Are we prepared for the worst: Do we have reason to be optimistic?

In his traditional, end-of-year message, Professor Dr Christoph Ostgathe, President of the European Association for Palliative Care (EAPC), reflects on the past year and hopes we can look forward to more solidarity in action in 2022.

Prof Dr Christoph Ostgathe

Today it was that time again. In a conversation, I heard myself recite the American author and human rights activist, Maya Angelou, who says that we should always be “Hoping for the best, prepared for the worst…”  In palliative care, we all probably use this statement from time to time in conversations with patients, especially when they are struggling with the inevitability of their disease and have to confront their own mortality.

Today, during my conversation with a 60-year-old patient with cancer, this statement opened a conversation about possibilities and impossibilities, about fears and hopes and, above all, about trust and confidence in the face of the individual catastrophe due to the progression of the disease. After the ward round, a discussion arose in the team about this statement and its validity at the present time. Are we prepared for the worst; do we have reason to be optimistic?

The last year has been so full of regional and global events that have had, or are having, a strong impact on all our lives. First, the pandemic, which continues to challenge social cohesion almost everywhere. A summer of catastrophic floods in Western and Eastern Europe and other parts of the world as a reflection of climate change. And a continuing increase in the number of people fleeing war, poverty and persecution.

When I see what our political leaders do to cope with these challenges, I assume that the worst is yet to come. At the same time, I also see many rays of hope; my personal ‘beacon of hope’ this year was the Syrian refugee who spoke on German television this summer about helping to clean up the worst of the destruction left by the flood in my wonderful hometown of Sinzig.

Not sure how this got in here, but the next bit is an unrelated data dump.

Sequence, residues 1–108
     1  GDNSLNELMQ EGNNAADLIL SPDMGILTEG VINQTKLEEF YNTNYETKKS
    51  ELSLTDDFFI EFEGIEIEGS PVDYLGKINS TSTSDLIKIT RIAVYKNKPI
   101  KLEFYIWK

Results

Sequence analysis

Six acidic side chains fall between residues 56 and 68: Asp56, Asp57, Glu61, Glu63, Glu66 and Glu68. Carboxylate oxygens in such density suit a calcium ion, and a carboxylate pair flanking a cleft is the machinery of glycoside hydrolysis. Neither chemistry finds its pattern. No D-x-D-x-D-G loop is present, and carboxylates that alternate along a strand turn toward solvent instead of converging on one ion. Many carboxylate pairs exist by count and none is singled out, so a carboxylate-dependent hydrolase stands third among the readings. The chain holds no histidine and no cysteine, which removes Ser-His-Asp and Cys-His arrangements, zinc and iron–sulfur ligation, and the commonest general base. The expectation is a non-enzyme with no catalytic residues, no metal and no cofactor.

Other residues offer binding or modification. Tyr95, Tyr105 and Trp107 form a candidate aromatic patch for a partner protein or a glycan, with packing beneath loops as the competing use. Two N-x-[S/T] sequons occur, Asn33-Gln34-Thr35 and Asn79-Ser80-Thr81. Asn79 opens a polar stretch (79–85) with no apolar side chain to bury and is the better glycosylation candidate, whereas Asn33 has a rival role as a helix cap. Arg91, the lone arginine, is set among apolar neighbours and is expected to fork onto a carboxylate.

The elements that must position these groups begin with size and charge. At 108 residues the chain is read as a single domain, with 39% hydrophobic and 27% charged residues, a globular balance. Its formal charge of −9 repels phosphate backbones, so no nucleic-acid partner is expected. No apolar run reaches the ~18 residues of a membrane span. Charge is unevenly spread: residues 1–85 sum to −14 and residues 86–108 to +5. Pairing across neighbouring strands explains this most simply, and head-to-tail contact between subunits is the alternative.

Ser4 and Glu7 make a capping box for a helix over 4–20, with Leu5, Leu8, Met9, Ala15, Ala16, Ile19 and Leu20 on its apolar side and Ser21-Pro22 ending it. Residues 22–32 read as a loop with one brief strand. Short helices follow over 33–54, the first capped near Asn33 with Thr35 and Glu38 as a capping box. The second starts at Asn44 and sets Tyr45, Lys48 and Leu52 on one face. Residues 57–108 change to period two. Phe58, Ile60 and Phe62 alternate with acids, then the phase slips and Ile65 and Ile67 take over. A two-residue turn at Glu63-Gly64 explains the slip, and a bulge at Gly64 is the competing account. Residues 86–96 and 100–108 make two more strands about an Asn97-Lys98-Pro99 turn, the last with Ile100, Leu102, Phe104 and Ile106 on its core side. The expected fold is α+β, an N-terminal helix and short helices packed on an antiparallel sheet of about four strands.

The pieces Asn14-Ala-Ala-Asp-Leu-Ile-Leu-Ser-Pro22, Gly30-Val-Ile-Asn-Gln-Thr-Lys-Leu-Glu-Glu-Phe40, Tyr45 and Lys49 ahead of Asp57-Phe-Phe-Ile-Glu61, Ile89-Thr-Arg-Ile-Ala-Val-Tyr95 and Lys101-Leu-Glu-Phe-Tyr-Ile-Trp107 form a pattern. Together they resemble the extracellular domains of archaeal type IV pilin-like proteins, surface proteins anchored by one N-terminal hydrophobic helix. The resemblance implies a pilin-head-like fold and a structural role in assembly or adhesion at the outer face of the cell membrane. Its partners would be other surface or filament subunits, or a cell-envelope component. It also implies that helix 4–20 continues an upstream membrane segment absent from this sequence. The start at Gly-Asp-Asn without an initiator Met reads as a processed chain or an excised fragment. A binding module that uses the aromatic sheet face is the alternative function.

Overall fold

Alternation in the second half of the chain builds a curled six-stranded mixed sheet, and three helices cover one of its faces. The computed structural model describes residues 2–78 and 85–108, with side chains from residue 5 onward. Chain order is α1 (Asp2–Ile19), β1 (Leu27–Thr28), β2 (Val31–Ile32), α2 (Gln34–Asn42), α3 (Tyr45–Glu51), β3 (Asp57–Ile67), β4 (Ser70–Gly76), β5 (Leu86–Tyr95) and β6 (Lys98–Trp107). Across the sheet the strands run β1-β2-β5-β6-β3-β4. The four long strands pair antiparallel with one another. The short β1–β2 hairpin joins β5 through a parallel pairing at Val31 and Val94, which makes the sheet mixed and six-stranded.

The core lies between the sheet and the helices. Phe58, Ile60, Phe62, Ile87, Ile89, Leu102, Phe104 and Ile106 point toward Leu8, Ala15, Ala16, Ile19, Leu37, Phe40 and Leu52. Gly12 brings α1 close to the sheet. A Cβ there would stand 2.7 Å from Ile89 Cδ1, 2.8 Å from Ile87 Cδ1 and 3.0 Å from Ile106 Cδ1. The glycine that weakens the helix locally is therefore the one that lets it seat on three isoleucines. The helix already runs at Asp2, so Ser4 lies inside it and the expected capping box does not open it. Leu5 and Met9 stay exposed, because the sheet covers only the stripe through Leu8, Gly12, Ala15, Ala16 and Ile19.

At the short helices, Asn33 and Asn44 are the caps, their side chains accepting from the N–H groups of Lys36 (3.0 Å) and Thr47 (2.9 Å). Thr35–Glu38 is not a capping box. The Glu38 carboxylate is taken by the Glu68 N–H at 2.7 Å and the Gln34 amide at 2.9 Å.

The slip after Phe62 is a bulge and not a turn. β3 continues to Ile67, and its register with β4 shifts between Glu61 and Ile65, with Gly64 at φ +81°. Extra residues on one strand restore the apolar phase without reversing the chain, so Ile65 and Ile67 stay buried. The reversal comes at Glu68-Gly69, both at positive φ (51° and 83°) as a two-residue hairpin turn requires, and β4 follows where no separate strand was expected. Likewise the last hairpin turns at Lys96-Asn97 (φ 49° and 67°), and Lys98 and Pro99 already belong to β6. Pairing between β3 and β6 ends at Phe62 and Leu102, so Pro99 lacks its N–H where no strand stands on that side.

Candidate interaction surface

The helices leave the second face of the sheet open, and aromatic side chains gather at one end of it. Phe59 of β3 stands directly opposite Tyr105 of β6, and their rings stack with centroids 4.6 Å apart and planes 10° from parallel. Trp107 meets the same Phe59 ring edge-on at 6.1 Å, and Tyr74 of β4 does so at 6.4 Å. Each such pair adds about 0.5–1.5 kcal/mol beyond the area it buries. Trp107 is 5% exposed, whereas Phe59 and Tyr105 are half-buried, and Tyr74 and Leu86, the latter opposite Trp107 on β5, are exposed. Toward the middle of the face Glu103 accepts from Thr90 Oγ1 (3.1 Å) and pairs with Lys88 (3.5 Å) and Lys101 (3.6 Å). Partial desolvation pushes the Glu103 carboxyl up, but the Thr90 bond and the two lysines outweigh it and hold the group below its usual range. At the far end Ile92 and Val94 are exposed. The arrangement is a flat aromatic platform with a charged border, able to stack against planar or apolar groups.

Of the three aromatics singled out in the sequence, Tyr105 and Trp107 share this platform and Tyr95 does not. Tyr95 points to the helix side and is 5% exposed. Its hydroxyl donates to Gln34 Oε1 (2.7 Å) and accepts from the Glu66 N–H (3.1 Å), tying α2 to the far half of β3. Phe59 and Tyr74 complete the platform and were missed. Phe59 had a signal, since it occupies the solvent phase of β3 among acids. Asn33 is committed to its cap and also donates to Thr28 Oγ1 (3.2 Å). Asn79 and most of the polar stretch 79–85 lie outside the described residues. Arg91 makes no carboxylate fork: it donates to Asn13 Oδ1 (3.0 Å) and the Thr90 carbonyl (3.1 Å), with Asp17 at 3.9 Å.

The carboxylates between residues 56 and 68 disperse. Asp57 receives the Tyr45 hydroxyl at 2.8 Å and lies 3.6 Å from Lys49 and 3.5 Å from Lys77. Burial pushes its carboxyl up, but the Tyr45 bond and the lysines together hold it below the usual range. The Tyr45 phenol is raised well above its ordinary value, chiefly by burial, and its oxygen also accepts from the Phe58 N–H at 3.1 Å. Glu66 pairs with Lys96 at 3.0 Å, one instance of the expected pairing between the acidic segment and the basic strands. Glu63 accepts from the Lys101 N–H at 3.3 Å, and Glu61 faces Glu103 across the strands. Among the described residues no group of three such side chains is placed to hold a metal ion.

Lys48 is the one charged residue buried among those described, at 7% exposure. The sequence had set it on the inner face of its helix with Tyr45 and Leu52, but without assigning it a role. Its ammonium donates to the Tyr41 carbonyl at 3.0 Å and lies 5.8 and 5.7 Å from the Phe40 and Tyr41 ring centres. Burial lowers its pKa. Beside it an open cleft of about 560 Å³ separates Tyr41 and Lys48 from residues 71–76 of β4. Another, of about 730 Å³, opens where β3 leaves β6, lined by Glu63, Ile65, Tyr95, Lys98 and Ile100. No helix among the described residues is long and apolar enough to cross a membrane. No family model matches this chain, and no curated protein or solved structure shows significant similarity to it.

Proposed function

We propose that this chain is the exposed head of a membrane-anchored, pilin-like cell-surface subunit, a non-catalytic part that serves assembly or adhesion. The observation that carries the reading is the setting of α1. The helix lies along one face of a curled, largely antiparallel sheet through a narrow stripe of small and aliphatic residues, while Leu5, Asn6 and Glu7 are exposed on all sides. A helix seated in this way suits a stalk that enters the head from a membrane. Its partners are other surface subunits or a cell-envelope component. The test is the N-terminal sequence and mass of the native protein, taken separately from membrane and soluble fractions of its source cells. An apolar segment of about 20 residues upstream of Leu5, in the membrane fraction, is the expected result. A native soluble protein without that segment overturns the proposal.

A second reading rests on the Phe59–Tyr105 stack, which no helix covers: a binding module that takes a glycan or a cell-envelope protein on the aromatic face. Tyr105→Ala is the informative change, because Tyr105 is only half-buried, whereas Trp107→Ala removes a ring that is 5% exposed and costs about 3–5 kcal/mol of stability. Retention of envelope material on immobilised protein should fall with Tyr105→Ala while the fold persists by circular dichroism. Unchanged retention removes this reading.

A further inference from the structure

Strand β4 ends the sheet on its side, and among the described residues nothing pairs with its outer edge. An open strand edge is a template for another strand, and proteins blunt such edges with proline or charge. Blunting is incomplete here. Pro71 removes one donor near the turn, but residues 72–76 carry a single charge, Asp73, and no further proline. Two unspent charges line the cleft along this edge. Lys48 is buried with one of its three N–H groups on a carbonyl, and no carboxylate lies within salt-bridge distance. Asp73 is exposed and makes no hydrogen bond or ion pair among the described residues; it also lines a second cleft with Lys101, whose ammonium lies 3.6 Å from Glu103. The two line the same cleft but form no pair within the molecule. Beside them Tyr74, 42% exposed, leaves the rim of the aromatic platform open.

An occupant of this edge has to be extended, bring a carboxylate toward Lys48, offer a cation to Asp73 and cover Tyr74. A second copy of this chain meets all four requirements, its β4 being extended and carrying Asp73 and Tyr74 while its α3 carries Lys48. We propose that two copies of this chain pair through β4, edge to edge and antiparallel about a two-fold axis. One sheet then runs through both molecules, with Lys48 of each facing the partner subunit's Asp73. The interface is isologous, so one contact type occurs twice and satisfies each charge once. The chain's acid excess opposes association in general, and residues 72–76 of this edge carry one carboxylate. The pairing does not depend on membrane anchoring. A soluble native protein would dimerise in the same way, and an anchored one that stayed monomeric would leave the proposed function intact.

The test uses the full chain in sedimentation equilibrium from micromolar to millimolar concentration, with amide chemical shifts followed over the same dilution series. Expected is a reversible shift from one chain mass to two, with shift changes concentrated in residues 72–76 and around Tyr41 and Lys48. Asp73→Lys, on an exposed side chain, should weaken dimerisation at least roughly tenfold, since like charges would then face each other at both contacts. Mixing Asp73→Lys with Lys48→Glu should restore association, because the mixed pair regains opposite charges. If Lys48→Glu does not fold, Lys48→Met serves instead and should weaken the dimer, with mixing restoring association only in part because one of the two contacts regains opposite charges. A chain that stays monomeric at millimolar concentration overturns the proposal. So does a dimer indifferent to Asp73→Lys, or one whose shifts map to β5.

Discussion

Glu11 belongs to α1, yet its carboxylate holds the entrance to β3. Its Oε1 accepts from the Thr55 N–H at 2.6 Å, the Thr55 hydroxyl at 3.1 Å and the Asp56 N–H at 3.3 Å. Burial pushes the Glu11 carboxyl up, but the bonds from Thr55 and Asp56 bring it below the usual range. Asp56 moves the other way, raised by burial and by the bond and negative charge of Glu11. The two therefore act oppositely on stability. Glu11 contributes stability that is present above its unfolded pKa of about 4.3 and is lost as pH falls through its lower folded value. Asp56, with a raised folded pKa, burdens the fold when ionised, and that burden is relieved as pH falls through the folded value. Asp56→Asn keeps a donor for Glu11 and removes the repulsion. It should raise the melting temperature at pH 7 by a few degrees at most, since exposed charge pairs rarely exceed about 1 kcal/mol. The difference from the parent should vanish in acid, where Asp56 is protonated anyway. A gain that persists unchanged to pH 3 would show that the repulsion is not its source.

“We want to help here, hand in hand. Whether we are Germans or foreigners, it doesn’t matter.”

An expression of solidarity in action. Let’s have more of that in 2022!

Shining a light on just a few milestones in 2021… 

Launch of EAPC webinar series

Early in 2021, we presented our first-ever EAPC webinar featuring Dr Robert Twycross, known internationally for his clinical work, teaching and writing, and a founding member of the EAPC. The webinar was a huge success with hundreds of people registered from across the world. The questions were endless, to which Robert responded with customary wisdom gained over his 50 years in palliative care. Two more riveting webinars, masterminded by the EAPC Volunteering Task Force and the Palliative Sedation Task Forcehave now taken place. Open to all and free of charge to members, the EAPC webinar series is making its mark. Do join us on 13 January when Dr Georg Bollig will be presenting the work of the EAPC Last Aid Task Force; and on 27 January when Professor David Oliver and members of the Neurology and Palliative Care Reference Group will present a webinar to complement the current blog series. Many more webinars are planned for 2022.

More collaborative working